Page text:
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OpenFlow and Enterprise Networks Explained

OpenFlow and Enterprise Networks Explained

In deploying converged infrastructure solutions, it is important to choose architectures that support open standards and heterogeneous environments. As virtualization and cloud computing continue to proliferate, you need to have as much flexibility as possible in building your data centers to keep costs down and enable simple scalability. You also want to be able take advantage of future technology innovations that could help you in driving future business services and applications.

In networking, an open standards approach is clearly the wave of the future. The advance of software-defined networks (SDN) is a major paradigm shift for a segment of the industry that has largely been defined by proprietary platforms over the past several decades. The next generation of network equipment for cloud environments will likely be far more interoperable than previous generations, giving organizations more choice in vendors and solutions.

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Software-defined networks provide a new approach to network management and deployment in which the network control function is separated from the forwarding function. This is particularly valuable in converged infrastructure environments, where all of the infrastructure components are abstracted and managed from a centralized platform.

In networking, SDN significantly helps to improve performance, which is necessary for highly virtualized and cloud environments where the preponderance of east-west traffic creates challenges for traditional Ethernet switches. SDN also allows the network control function to be programmable, creating far more agility and control for network designers than was ever available to them in proprietary switching environments.

Understanding OpenFlow
There are several ways to deploy SDN and the one that is catching on quickly within the large-scale network environments is based on OpenFlow. An SDN device with the OpenFlow protocol could be a router, a switch or a wireless access point. Within the device, the router control plane is separated from the data plane and a separate OpenFlow controller typically makes the high-level routing decisions. This separate controller is usually an industry-standard server, making the solution more open, less costly and simpler to manage.

Some of the biggest customers of network equipment—companies that are also the builders of some of the world’s largest networks—have taken steps to ensure that next-generation SDN networks will not be proprietary and will be built on open standards. These companies founded the Open Networking Foundation (ONF) and include Deutsche Telekom, Facebook, Google, Microsoft, Verizon and Yahoo.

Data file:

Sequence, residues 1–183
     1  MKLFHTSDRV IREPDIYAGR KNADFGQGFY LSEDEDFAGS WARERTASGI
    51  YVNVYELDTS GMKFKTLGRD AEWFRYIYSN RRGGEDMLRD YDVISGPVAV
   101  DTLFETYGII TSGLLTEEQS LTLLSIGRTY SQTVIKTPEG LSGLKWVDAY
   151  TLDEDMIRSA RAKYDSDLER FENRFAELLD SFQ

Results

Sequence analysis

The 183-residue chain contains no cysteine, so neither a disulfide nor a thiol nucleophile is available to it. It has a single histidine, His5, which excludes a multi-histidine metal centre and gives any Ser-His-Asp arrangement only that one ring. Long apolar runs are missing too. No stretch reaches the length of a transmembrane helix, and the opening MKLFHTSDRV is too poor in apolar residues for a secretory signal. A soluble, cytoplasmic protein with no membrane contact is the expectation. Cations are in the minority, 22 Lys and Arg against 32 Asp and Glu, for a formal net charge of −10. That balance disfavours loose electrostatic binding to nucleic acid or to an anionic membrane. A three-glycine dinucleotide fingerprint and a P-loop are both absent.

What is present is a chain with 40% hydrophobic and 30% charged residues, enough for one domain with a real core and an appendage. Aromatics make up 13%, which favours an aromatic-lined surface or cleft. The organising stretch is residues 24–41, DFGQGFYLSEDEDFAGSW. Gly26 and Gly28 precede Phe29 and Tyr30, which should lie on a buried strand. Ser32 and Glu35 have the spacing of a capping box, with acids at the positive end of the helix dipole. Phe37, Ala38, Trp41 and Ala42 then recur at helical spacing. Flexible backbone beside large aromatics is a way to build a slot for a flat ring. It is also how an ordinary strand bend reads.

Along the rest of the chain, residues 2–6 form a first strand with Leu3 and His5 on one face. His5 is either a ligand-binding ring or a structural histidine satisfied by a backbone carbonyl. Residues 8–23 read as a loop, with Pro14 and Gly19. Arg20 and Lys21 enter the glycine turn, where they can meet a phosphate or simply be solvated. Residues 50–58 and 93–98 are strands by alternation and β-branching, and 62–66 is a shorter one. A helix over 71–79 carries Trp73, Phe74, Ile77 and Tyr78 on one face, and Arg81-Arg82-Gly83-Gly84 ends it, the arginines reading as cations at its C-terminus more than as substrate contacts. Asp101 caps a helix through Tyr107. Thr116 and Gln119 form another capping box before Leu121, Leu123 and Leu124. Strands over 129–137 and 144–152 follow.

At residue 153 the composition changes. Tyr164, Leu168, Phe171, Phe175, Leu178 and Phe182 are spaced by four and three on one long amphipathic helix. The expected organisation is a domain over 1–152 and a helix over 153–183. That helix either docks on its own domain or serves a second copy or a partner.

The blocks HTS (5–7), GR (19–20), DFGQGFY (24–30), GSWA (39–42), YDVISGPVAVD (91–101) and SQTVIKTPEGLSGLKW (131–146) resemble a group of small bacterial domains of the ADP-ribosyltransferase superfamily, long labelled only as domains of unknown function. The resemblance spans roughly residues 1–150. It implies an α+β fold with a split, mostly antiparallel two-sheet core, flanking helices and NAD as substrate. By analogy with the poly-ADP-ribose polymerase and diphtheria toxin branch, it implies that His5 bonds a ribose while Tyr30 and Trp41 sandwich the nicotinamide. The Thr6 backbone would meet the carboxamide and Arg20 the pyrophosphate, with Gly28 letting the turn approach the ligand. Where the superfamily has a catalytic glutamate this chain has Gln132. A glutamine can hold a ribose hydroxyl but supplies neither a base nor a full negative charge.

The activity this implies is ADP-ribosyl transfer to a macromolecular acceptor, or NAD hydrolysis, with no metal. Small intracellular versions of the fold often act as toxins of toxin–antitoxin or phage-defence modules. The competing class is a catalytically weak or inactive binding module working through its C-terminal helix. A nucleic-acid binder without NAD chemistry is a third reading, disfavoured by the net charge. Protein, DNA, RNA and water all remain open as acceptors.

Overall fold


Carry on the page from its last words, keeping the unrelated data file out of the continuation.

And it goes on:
ONF is working to establish OpenFlow as a standard protocol for software-defined networks. In addition to the six founding members, it has garnered the backing of other major companies that support the development of open standards. Dell, which has a long history of backing open standards dating back to the beginning of the x86 era, is an inaugural member of the ONF, and is one of the first networking vendors in the industry to offer switches, fabrics and controllers that support the OpenFlow protocol.

OpenFlow is already being deployed globally by a wide range of companies and universities, and it will play an increasingly significant role in enterprise networks. In fact, now is the time you should be asking your networking vendors if they support OpenFlow. Companies utilizing SDN with the OpenFlow protocol are already experiencing significant benefits, including:

  • Capex and Opex savings

  • Improved network performance and predictability

  • The ability to simply adjust bandwidth to changing needs

  • Faster provisioning and reconfigurations

  • Quicker time to value for new services

  • Ability to partner with multiple vendors

SDN and the OpenFlow protocol are still in the early stages of development, in terms of making an impact on networking. But the impact they make will be substantial, changing the nature of networks and making them far more agile, adaptable, open and cost effective for virtual and cloud environments.

The future of networks is an open one. Make sure your vendor supports open standards and that the solutions you choose today are OpenFlow-aware. As we’ve seen so often with technology, the future will be here before you know it. In networking, the open standards future is now.

Want to know more or get specific answers to your questions? Talk to a Dell expert.

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